Irish Sea gives up secrets of World War One shipwrecks
These intriguing images show some of the first sightings of First World War ships since they foundered 100 years ago.
The images of shipwrecks in the Irish Sea were captured by a team of scientists on board the Marine Institute's Celtic Voyager research vessel, and a number of them lie so far down that they haven't been sighted since capsizing.
The team, led by Dr Ruth Plets of the School of Environmental Sciences at Ulster University, set out to capture the highest resolution acoustic data possible of First World War shipwrecks in the Irish Sea using a new multi-beam system.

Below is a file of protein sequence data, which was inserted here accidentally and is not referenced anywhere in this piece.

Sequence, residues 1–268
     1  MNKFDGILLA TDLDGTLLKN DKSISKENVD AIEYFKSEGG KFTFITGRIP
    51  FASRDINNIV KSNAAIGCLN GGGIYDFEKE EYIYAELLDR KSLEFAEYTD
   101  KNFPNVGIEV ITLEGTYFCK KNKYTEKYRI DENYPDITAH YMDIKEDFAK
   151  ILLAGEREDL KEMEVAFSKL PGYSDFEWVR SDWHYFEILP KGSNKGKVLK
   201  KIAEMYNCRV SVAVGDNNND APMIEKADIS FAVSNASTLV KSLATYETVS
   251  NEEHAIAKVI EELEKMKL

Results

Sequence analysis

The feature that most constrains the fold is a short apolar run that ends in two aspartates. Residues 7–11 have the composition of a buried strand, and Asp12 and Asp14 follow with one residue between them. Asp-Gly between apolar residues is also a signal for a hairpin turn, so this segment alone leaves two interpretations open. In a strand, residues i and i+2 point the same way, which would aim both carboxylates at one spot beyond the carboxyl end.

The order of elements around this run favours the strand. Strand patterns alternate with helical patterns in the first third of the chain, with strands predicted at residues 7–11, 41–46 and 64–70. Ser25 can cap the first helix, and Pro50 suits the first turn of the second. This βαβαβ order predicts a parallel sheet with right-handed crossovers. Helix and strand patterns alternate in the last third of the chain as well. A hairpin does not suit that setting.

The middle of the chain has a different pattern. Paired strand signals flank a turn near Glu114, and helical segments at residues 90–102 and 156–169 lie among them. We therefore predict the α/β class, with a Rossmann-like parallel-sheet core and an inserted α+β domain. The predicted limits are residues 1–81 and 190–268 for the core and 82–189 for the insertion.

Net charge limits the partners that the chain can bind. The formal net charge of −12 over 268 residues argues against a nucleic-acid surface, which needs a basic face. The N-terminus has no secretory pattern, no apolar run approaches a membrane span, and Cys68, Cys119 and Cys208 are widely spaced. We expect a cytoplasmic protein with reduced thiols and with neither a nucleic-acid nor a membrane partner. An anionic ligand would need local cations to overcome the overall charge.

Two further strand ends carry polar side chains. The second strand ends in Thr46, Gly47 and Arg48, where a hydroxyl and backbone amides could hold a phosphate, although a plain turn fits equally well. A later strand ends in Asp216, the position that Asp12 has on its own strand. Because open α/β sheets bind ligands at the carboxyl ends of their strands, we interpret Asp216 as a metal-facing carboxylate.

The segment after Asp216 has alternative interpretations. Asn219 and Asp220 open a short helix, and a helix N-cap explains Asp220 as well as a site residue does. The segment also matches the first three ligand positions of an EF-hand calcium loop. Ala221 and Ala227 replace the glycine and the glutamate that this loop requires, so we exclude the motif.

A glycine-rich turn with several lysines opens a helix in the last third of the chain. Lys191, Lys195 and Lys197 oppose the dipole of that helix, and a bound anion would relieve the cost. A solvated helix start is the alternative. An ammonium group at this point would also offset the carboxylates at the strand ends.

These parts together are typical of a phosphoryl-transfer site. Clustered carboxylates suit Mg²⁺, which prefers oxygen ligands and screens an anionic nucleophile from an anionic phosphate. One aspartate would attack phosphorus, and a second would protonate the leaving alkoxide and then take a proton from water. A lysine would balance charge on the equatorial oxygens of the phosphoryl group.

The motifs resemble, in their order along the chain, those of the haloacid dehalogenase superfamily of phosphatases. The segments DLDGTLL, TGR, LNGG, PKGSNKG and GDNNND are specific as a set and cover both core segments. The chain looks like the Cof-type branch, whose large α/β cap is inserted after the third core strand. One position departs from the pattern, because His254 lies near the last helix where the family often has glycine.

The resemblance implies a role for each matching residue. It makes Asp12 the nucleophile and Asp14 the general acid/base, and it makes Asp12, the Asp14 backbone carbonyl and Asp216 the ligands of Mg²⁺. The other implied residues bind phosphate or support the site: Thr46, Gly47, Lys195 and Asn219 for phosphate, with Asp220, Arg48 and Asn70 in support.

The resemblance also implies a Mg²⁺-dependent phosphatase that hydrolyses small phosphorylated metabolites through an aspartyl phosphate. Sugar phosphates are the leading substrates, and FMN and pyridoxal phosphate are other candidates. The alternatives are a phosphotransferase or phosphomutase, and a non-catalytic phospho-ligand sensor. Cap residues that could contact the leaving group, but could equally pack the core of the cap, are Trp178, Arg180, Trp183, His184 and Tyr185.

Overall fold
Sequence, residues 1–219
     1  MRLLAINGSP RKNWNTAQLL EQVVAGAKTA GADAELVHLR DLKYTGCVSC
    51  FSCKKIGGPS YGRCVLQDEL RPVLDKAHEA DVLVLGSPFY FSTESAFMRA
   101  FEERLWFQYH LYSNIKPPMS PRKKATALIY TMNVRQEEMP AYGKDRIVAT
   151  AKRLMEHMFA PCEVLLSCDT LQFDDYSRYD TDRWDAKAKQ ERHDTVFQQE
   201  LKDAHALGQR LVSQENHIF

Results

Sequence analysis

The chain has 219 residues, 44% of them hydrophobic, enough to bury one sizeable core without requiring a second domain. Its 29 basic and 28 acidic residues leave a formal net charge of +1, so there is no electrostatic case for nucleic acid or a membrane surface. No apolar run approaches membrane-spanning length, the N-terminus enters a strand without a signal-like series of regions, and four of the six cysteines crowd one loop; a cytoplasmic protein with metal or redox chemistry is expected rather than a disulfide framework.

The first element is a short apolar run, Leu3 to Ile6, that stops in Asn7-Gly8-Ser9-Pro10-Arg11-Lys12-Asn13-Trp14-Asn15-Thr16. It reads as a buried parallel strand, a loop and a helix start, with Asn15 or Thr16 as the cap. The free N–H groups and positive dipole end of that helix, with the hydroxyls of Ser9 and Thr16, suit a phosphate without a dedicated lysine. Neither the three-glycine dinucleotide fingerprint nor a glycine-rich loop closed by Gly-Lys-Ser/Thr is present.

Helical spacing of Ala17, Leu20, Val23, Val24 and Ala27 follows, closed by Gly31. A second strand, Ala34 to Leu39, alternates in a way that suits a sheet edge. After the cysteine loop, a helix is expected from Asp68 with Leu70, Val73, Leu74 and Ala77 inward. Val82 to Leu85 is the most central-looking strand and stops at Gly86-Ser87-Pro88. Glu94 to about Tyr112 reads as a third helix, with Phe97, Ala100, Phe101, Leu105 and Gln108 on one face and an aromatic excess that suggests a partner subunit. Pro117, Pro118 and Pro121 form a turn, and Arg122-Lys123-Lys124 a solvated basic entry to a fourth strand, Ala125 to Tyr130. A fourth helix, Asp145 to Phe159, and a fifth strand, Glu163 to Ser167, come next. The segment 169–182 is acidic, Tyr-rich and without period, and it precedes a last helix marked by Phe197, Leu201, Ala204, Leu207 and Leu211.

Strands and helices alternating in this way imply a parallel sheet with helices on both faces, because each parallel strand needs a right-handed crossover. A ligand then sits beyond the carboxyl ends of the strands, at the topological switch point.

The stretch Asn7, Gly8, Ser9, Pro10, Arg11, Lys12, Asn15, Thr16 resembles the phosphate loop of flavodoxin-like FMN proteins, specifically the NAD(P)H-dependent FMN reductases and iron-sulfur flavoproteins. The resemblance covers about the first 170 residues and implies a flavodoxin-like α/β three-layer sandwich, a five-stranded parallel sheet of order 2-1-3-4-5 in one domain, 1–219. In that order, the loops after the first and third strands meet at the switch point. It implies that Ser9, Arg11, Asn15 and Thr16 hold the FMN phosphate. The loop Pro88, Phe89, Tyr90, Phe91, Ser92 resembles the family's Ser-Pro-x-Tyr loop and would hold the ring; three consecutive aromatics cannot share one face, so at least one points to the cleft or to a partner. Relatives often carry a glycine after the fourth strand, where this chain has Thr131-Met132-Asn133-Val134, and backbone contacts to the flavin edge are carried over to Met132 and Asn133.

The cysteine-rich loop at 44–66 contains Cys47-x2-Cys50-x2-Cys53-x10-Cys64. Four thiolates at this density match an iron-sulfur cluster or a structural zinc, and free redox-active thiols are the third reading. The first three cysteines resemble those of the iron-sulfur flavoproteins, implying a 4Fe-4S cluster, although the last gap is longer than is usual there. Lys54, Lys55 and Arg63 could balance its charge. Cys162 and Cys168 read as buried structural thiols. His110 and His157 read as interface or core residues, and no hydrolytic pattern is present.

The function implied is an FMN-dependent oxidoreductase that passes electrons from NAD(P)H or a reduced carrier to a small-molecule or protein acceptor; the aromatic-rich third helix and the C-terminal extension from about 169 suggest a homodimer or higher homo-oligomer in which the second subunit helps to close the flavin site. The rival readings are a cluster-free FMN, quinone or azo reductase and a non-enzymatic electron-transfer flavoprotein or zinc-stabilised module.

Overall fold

"We were able to capture the most detailed images of the entirety of the wrecks ever," Dr Plets said.
"Some of the wrecks, which are too deep to be dived on, have not been seen in 100 years.
"So this is the first time we can examine what has happened to them during sinking and in the intervening 100 years, and try to predict their future preservation state."
Among the shipwrecks surveyed were the SS Chirripo, which sank in 1917 off Black Head in Co Antrim after she struck a mine; the SS Polwell, which was torpedoed in 1918 northeast of Lambay Island, and the RMS Leinster, which sank in 1918 after being torpedoed off Howth Head when more than 500 people died - the greatest single loss of life in the Irish Sea.
Dr Plets said: "We moved away from traditional survey strategies by slowing the vessel right down to allow us to get many more data points over the wreck, with millions of soundings per wreck."